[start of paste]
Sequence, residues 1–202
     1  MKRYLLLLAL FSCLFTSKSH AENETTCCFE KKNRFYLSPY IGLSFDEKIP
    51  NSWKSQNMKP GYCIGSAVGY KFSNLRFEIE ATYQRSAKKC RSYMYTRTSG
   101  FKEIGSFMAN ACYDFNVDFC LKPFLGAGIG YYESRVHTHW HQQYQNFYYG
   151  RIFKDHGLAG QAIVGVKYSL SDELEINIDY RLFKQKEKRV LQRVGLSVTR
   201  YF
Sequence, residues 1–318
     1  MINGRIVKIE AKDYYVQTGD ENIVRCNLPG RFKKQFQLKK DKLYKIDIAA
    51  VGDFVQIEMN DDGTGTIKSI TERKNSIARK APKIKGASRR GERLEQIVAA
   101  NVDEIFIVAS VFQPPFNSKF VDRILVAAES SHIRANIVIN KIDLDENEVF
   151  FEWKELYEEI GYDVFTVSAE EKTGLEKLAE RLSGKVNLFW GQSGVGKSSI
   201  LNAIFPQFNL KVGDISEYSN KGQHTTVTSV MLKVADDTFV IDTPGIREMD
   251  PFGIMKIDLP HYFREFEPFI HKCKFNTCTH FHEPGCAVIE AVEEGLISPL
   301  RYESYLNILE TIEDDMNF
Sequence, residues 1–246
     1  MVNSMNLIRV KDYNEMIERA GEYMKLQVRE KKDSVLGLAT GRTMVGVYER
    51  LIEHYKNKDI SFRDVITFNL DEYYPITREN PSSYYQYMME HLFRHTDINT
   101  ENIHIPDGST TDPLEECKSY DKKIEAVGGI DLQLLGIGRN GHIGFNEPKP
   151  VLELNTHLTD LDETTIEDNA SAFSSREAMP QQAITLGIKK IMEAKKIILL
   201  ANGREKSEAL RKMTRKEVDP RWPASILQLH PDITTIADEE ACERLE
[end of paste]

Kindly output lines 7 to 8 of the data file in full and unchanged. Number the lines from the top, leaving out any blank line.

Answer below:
Sequence, residues 1–318
     1  MINGRIVKIE AKDYYVQTGD ENIVRCNLPG RFKKQFQLKK DKLYKIDIAA